Market Basket employees’ movement to reinstall ousted CEO Arthur T. Demoulas gripped New England throughout the summer of 2014. Here’s a quick(ish) refresher of what happened when, and why.

8/27/14—DONE DEAL:

Arthur T. Demoulas and his family will buy Market Basket. Arthur T. will regain full control of the company’s business operations, though he will not formally serve as CEO, until the deal closes in the next several months. The summer saga is over, pending the closing of the deal in the next several months.

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Read about the deal—and the path to it—here.

Read about Market Basket’s restocking efforts here.

And read our full coverage of the saga here, with a timeline of events here.

The below was last updated on the afternoon of August 27, with slight adjustments added after Arthur T. reached the deal.

Final days before resolution:

Market Basket’s financial situation was thought to be dire more than five weeks after worker and customer action first brought the company to a standstill. With that as a backdrop, Arthur T. Demoulas remained in negotiations about a possible buy-out of the chain from rival family members including his cousin Arthur S. Demoulas.

On Friday, August 22, it was reported that Arthur T. Demoulas and his family made a “final offer” for the company he led as CEO before his June firing. Massachusetts and New Hampshire governors Deval Patrick and Maggie Hassan later released a joint statement saying both sides are optimistic a deal will get done. Arthur T. followed their statement with one of his own, released through a spokesperson, saying there “is nothing that stands in the way of getting this done this weekend.”

However, a scheduled board meeting for Sunday night, August 24, was called off a few hours before its start as the sides continued to negotiate. The board of directors will meet if and when shareholders reach an agreement, a source told Boston.com.

On Tuesday, August 26, multiple sources told Boston.com both sides were optimistic about a deal. And The Boston Globe reported a contingency plan in the event a deal cannot be reached would close all but 10 Market Basket stores, according to the Globe.

The bid is reportedly worth $1.5 billion for the 50.5 percent of the company he and his family do not already own. Some of that figure will reportedly come in the form of financing from a private equity firm.

The effort to reach a quick resolution came out of a board meeting Monday, August 18, the day after Patrick and Hassan met with the two sides to try to help facilitate a deal.

The company’s current co-CEOs Felicia Thornton and James Gooch have agreed to not fire anybody while discussions continue. Boston.com confirmed Monday that Thornton and Gooch were in attendance at that board meeting.

The Globe has reported another bid—from Delhaize, the Belgium-based parent company of Hannaford—may still be on the table, and that Delhaize has approached Arthur T. Demoulas about running Market Basket if it were to wind up in control. But in recent days, talks have focused on Arthur T.’s bid, and it is not clear that Delhaize is still a viable suitor.

On Monday, August 18, several local vendors, led by seafood company Boston Sword & Tuna, spoke with Boston.com, saying they had cut off business with the chain after erratic payments.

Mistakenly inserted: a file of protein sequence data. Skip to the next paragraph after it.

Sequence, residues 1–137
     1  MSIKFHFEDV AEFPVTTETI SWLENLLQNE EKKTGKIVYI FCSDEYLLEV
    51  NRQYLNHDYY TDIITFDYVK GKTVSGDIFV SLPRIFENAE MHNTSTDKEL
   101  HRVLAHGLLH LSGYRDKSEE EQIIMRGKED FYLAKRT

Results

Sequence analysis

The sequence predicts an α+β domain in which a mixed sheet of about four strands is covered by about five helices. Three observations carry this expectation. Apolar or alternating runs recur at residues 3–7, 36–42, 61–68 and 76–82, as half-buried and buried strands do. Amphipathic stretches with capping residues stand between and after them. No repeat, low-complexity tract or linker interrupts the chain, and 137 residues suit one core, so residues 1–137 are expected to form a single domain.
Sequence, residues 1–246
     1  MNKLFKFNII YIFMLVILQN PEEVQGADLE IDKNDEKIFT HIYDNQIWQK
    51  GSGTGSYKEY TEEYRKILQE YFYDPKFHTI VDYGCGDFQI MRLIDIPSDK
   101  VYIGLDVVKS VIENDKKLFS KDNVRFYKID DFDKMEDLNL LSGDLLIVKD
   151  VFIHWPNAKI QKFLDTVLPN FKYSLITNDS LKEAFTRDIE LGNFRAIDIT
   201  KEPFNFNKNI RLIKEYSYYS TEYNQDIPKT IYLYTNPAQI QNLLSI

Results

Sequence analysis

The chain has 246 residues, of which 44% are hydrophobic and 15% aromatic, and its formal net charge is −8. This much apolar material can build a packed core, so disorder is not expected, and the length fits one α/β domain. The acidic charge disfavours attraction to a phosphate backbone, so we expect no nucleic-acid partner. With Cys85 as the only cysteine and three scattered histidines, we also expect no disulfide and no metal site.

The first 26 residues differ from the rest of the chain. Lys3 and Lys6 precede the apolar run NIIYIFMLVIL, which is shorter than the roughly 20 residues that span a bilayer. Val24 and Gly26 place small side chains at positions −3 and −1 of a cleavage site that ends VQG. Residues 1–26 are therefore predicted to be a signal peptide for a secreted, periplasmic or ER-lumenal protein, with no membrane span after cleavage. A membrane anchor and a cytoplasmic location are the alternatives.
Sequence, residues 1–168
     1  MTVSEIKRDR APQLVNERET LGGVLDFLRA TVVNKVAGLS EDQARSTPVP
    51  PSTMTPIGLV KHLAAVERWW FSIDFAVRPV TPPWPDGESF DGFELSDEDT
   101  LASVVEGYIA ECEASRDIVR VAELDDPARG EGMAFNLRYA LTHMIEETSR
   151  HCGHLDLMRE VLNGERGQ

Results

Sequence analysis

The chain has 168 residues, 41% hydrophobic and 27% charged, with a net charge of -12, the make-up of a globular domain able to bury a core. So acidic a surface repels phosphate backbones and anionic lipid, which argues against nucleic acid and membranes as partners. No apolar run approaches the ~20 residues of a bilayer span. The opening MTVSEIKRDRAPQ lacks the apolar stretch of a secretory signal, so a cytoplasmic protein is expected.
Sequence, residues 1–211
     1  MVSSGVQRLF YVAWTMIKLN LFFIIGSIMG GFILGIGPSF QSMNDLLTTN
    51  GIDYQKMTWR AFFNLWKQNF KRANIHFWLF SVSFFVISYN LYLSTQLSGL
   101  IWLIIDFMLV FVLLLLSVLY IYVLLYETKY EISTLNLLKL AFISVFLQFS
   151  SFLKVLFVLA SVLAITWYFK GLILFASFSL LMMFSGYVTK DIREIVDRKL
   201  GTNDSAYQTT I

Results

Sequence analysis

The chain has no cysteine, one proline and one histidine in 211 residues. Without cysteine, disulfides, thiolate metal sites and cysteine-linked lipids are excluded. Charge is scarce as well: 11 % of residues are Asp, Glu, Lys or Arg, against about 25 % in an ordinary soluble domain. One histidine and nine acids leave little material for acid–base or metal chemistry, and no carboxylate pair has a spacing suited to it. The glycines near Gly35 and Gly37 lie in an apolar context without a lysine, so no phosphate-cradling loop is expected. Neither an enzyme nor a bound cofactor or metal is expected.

For a day-by-day look at recent events, check out our timeline.

In the executive ranks:

Let’s look at recent history.

On July 24, Arthur T. Demoulas announced he and his family members had made an offer to buy the company shares they do not already control from a rival faction of family shareholders, which includes his long-time rival, cousin, and namesake Arthur S. Negotiations have reportedly carried on in the days since.

Arthur T.’s efforts to buy out the company came days into a remarkable worker and customer revolt in his support. Arthur T. was fired as CEO by the board on June 23, a move that generated immediate resistance from workers across many levels of the organization and has since sparked employee protests and a widespread customer boycott.

As negotiations on a potential buy-out drifted into early August, Arthur T. offered on Sunday night, August 3, to resume running the company in an effort to get it back on course, as he continued to work to buy Market Basket. “Time is of the essence,” a statement from his spokesperson read. A statement from the company’s board of directors released shortly thereafter voiced continued support for existing management, thereby rejecting his offer to step in as its leader.

On August 8, members of the board said they had offered a different proposal: to bring back fired and resigned members of Arthur T.’s management team in an effort to stabilize the company as negotiations continue, and to work with him in a non-CEO capacity as part of that process. Demoulas responded through a spokesperson, calling that offer “disingenuous” and suggesting it amounted to a method to make Market Basket more attractive for another bidder.

There may be another bidder for the chain. On August 7, The Globe reported Arthur T.’s offer is not the only one being considered by the board. The parent company of Hannaford is also bidding for Market Basket, according to the report.

On August 9, Arthur S.’s family issued a statament saying they were willing to sell to Arthur T. but accusing him of dealing in bad faith. They also said they had offered Arthur T. a financing plan. Arthur T. responded on August 10, saying the two sides were not in disagreement about the price of a sale, but suggesting the terms from Arthur S.’s side to complete a deal were “onerous.”

On the protest line:

Away from the board room, employee and customer protests have continued to captivate New England.